2. Phase-coded microwave signal generation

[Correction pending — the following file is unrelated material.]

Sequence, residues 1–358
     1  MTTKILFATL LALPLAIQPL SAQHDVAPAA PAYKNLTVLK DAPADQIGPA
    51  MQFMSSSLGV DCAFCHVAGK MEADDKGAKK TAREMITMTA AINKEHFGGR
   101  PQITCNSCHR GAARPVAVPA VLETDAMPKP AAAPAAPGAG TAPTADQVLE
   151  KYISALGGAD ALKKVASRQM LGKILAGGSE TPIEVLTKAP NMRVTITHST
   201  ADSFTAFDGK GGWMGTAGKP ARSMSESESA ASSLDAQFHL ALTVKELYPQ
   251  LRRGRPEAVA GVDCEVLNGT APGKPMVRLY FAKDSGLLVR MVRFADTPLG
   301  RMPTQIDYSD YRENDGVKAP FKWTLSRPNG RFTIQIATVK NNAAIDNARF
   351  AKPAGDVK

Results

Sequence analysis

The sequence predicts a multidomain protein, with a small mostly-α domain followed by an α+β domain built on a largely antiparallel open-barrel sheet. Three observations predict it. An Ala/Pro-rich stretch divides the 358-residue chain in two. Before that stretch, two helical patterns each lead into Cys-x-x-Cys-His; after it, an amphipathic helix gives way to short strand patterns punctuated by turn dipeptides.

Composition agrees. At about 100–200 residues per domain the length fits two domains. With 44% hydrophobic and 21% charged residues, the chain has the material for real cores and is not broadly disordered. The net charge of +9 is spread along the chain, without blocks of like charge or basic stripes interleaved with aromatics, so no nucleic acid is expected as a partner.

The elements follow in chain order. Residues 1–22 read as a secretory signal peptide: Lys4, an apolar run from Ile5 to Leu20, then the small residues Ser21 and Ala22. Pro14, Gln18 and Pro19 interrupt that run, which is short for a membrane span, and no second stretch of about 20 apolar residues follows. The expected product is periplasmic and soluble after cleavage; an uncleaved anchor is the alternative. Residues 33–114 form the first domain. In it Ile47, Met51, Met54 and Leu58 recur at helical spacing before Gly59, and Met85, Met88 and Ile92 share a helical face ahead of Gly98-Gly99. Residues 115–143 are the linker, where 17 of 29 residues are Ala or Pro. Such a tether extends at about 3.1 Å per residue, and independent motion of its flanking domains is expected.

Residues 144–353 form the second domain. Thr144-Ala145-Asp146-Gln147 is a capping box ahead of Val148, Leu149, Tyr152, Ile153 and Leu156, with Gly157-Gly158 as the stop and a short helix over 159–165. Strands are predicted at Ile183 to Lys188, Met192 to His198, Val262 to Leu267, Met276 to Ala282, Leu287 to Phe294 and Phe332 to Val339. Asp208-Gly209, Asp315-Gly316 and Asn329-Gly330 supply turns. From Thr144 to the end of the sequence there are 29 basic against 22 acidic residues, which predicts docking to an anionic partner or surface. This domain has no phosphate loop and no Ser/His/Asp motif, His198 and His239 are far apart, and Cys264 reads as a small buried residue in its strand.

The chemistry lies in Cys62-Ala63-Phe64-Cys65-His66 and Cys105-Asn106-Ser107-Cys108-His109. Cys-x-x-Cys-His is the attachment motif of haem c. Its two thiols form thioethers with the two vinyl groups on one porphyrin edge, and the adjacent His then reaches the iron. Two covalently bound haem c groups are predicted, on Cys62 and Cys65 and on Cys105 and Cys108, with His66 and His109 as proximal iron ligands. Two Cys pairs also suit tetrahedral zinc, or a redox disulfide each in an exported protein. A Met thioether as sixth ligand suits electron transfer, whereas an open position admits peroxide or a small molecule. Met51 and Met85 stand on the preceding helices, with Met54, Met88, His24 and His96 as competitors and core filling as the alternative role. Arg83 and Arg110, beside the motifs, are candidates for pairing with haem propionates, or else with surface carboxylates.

Figure 1 shows the schematic diagram of the proposed phase-coded microwave signal generator. A laser diode (LD) is applied to generate a continuous wave (CW) light with its polarization adjusted by a polarization controller (PC1). The optical carrier is sent to a dual-polarization modulator which is a commercially available integrated device including two MZMs, a polarization beam splitter (PBS) and a polarization beam combiner (PBC). By adjusting PC1 to let the polarization state of the input light have an angle of 45° to one principal axis of the PBS inside the modulator, the CW light is equally split into two branches in two orthogonal polarizations (i.e., X and Y) after the PBS. The light in each polarization is modulated by MZM1 and MZM2, respectively. Then, the two modulated optical signals are combined by the PBC to generate a polarization multiplexed signal. In the proposed scheme, MZM1 is driven by a single-frequency RF signal and biased at the minimum transmission point to achieve optical carrier-suppressed modulation . After MZM1, the optical field including the ± 1st-order sidebands can be expressed as18], which can be written as